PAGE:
FILM FESTIVALS, NON-THEATRICAL SCREENINGS, AND MOVIE-RELATED EVENTS IN INDIANA THIS WEEK

For additional information on the films, and when and where they’ll be showing, follow the links under “Outside the Multiplex” in the sidebar.

Indianapolis and Central Indiana

The Friday/Saturday at midnight movie in the Landmark Keystone Art Cinema’s “midnight madness” series is Dazed and Confused, while Poltergeist screens tonight at dusk at the IMA in the “summer nights” (on the terrace) series.

Also at the IMA this weekend: the Indiana Black Expo Film Festival. The festival runs Saturday and Sunday afternoons in the Toby Theater and includes several documentary features and short films as well as one feature-length drama; follow the link for the full schedule of films.

Irvington’s old neighborhood movie theater the Irving has another of its semi-regular Rocky Horror showings on Saturday at midnight; visit the Irving’s website for the full list of what you can and can’t bring through the door in the way of props and costumes. Although Cars 2 continues to dominate the IMAX screen at the Indiana State Museum, there’s still a few chances left to see Born to Be Wild this weekend.

Last but not least, further south you can see the classic musical West Side Story at the Artcraft Theatre in Franklin on Friday and Saturday.

Southern Indiana

The Bartholomew Co. Historical Society in Columbus has an exhibit on a famous native son, the silent movie cowboy star Ken Maynard, that showcases lobby posters, memorabilia, “and more.” No doubt Tarzan, Ken’s almost equally famous horse, will be well represented also. The exhibit runs through September; find more info at the Yes Cinema website.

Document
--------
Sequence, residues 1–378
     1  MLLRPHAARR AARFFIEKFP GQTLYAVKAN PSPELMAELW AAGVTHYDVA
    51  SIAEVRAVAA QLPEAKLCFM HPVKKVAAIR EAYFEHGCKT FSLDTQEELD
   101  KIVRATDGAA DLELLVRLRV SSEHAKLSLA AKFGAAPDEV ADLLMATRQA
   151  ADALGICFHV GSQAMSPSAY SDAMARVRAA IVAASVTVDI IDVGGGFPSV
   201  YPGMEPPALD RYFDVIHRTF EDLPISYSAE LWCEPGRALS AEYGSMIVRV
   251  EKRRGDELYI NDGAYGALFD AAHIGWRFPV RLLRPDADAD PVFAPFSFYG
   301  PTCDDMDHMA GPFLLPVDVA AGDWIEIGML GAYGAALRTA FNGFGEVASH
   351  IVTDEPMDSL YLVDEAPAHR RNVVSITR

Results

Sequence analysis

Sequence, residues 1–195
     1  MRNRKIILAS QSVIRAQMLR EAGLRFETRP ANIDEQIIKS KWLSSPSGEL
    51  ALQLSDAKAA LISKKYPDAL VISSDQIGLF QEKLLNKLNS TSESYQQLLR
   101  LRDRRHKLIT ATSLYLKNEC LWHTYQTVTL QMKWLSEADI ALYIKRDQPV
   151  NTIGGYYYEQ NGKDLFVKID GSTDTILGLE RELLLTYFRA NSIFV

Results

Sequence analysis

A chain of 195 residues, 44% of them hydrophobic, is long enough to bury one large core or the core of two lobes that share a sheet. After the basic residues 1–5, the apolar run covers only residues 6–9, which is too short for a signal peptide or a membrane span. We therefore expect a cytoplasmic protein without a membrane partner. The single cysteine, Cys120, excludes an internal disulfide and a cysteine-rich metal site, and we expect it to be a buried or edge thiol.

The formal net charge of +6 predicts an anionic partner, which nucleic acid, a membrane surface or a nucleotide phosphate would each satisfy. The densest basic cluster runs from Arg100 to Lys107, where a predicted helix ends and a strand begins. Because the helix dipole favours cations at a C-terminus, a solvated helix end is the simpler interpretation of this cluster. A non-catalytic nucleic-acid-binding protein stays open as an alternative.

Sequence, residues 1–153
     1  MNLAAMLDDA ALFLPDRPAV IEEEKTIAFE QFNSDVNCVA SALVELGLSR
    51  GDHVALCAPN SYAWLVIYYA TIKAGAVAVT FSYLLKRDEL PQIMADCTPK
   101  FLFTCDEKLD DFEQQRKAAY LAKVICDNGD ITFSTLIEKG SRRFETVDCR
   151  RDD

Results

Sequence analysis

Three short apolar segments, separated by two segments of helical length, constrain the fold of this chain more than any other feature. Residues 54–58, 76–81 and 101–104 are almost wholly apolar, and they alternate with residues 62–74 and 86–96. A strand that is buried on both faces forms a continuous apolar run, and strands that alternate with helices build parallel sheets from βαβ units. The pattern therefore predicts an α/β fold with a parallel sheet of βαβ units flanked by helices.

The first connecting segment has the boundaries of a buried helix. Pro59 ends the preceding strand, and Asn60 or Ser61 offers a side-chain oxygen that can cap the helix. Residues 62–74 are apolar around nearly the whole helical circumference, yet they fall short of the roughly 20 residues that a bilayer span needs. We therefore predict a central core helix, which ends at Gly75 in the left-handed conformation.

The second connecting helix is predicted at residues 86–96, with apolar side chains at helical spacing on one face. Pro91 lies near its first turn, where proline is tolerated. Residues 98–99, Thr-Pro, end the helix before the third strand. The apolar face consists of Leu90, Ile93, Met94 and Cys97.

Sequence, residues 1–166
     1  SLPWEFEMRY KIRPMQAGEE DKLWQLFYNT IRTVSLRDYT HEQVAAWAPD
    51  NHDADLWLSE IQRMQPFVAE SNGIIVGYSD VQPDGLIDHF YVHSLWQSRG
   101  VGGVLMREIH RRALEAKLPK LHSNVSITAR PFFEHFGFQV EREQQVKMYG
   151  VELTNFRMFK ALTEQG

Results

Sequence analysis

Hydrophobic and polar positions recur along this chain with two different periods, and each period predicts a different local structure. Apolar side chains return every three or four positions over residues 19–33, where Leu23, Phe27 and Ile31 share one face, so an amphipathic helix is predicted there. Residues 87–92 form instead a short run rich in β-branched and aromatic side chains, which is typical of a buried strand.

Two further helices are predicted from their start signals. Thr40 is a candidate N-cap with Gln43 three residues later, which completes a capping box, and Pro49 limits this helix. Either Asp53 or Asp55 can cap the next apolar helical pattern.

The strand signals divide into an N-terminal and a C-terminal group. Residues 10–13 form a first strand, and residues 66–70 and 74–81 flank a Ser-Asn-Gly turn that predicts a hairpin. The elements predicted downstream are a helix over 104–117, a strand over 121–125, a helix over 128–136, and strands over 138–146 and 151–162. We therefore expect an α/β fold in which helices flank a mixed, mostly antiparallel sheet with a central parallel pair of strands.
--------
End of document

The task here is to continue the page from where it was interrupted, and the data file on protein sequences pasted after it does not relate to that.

The Ryder in Bloomington has several showings of Kelly Reichardt’s revisionist Western Meek’s Cutoff– another of those major indie films scandalously absent from Indianapolis screens. There are also additional showings of Hey, Boo, the documentary on Harper Lee and her beloved novel, and the frustrating Italian thriller The Double Hour. Next week’s new movie, the set in New York City indie comedy Gabi on the Roof in July, starts its run Thursday.

Northern Indiana

On Wednesday night at 8, Fort Wayne’s Cinema Center plays host to the Three Rivers Film Festival of locally made short films. Admission is free.

Also on Wednesday, Cinematheque for All will screen the 2004 film Whisky on the campus of Purdue University. I haven’t heard of this one before, and must admit to being intrigued by any movie that’s a Uruguay/Argentina/Germany/Spain co-production and lists Spanish, Portuguese, and Italian as its languages.

NEXT WEEK AND BEYOND

The Indy Film Fest starts July 14 at the Indianapolis Museum of Art. The full lineup is now online; you can build your own screenings calendar and purchase tickets through the site. The festival runs through July 24. You can meet the author (as in me) on Monday evening; I’m honored to be joining the 6:00 panel on the “Art of Art House” with programmers from the IMA, IU Cinema, and Cinema Underground repertory series.